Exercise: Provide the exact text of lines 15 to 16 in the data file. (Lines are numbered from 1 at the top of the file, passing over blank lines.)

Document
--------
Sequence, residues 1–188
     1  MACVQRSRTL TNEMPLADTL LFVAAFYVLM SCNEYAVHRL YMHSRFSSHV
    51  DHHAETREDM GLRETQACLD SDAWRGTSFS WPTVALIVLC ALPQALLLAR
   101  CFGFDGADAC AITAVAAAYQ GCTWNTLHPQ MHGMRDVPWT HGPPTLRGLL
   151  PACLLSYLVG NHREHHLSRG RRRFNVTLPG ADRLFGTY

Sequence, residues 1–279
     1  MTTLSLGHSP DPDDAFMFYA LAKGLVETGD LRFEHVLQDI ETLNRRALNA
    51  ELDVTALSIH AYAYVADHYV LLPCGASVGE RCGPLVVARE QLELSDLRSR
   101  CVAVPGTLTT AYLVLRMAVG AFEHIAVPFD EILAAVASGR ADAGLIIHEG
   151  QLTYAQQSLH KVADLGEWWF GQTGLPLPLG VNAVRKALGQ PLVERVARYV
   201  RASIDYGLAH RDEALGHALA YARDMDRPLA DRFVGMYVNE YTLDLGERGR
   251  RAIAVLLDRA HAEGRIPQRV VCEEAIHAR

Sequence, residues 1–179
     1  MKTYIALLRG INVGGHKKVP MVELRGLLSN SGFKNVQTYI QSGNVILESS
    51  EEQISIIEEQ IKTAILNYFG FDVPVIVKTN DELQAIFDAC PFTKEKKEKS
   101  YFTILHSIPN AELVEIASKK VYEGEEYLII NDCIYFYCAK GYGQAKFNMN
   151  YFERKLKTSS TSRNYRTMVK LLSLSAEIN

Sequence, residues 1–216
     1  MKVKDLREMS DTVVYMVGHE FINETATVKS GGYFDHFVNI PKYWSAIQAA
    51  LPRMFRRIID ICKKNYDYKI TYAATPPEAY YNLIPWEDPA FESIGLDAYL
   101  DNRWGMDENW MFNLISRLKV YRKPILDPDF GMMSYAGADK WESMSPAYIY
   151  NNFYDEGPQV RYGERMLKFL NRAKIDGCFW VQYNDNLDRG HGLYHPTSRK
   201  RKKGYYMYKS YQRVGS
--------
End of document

    51  EEQISIIEEQ IKTAILNYFG FDVPVIVKTN DELQAIFDAC PFTKEKKEKS
   101  YFTILHSIPN AELVEIASKK VYEGEEYLII NDCIYFYCAK GYGQAKFNMN